I’m not going anywhere near Istanbul this spring (that’s my July trip) —  I’m heading for Peru in two months — and although I’ve traveled by myself all around the world and know that random murders happen everywhere (My hometown of Chicago being no exception), the news reminds me of the vulnerability of being a woman traveling solo in a foreign country.



I receive an email from a friend containing a link to a post about Peru on the United States Department of State Bureau of Diplomatic Security site, which reads:

The U.S. Embassy warns U.S. citizens of a potential kidnapping threat in the Cusco area.  The Embassy has received information that members of a criminal organization may be planning to kidnap U.S. citizen tourists in the Cusco and Machu Picchu area.  Possible targets and methods are not known and the threat is credible at least through the end of February 2013. For the moment, personal travel by U.S. Embassy personnel to the Cusco region, including Machu Picchu, has been prohibited and official travel is severely restricted as a result of this threat.

Well, that’s just great. I’m traveling to Peru — including the “Cusco and Machu Picchu area” — in six weeks. The criminal organization in question is The Shining Path, which (according to Wikipedia) is a Maoist guerilla insurgency. Really? There are Maoist guerillas in our midst? I haven’t heard of The Shining Path since, like, fifth grade and now the bastards are threatening my vacation.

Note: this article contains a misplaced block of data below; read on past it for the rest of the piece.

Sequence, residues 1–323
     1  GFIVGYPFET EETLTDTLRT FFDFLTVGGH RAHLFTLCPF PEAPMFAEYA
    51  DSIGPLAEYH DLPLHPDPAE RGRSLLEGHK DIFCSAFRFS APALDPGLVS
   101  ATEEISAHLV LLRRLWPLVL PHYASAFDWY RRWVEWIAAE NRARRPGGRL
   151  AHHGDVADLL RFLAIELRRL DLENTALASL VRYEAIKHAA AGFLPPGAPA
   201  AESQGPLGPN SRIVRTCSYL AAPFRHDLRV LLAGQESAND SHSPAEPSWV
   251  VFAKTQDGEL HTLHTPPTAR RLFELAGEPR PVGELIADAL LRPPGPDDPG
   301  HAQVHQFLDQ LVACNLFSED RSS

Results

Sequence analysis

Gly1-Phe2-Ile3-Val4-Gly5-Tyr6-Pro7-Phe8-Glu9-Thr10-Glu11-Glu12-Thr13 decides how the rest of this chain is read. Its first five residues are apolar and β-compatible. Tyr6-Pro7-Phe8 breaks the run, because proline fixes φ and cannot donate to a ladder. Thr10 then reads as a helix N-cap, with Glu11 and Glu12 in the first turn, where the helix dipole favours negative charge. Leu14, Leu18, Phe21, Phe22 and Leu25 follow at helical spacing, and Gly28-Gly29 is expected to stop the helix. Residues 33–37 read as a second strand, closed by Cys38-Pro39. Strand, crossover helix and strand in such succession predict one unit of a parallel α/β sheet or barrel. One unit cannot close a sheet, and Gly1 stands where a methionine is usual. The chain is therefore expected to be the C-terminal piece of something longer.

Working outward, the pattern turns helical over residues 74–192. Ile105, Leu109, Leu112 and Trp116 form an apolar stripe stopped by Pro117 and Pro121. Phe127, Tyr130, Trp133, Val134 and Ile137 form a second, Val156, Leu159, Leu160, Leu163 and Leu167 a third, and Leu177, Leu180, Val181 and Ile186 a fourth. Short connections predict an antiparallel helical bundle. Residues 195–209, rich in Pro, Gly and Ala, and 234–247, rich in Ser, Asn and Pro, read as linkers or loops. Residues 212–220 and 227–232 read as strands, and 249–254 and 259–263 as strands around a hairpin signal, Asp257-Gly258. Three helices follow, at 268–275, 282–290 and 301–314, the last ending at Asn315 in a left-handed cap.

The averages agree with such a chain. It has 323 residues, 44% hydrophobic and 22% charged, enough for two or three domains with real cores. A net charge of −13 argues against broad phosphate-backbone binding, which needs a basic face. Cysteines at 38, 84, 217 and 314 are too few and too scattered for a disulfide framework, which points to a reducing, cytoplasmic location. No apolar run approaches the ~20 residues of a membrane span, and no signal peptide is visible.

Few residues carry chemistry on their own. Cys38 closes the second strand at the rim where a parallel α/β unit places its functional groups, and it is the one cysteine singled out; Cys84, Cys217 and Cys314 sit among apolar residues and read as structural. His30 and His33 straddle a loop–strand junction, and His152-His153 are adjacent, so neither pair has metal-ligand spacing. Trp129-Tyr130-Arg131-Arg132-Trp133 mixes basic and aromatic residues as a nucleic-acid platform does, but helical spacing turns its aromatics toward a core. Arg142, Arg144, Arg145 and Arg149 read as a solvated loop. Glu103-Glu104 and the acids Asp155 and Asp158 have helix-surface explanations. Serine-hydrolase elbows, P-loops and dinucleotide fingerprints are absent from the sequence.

Is Peru safe? Should I reschedule my trip? I don’t know.


This just in: an America couple bicycling through Peru have gone missing. The common, obvious speculation is that they were kidnapped or killed.


I need to decide if I should take this trip to Peru at the end of the month or if the risk of danger is great enough that I should cancel it. I turn to the U.S. Department of State website to determine if Peru is safe:

The Shining Path (Sendero Luminoso) terrorist group remains active in Peru and has previously expressed an intention to target U.S. interests.

Violent crime, including carjacking, assault, sexual assault, and armed robbery is common in Lima and other large cities.

In the recent past, there have been a number of cases of armed robbery, rape, other sexual assault, and attempted rape of  U.S. citizens and other foreign tourists in Arequipa and in Cusco city, as well as in the outlying areas in the vicinity of various Incan ruins. These assaults have occurred both during daylight hours and at night.

Thieves often smash car windows at traffic lights to grab jewelry, purses, backpacks, or other visible items from a car.

Is Peru safe for travel? Is Peru safe for a solo, female traveler? Clearly not. Crap.  I should cancel my trip.

Read the entire Peru Trip series.